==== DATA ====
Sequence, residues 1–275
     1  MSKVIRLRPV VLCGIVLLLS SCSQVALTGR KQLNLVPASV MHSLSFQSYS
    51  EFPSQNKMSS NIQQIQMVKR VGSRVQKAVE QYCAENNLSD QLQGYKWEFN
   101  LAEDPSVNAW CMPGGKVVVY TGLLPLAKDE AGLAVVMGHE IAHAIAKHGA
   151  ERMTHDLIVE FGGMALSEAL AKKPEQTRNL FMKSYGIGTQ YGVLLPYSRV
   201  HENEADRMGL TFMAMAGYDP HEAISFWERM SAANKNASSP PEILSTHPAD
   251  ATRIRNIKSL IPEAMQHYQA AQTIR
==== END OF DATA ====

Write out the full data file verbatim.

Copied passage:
Sequence, residues 1–275
     1  MSKVIRLRPV VLCGIVLLLS SCSQVALTGR KQLNLVPASV MHSLSFQSYS
    51  EFPSQNKMSS NIQQIQMVKR VGSRVQKAVE QYCAENNLSD QLQGYKWEFN
   101  LAEDPSVNAW CMPGGKVVVY TGLLPLAKDE AGLAVVMGHE IAHAIAKHGA
   151  ERMTHDLIVE FGGMALSEAL AKKPEQTRNL FMKSYGIGTQ YGVLLPYSRV
   201  HENEADRMGL TFMAMAGYDP HEAISFWERM SAANKNASSP PEILSTHPAD
   251  ATRIRNIKSL IPEAMQHYQA AQTIR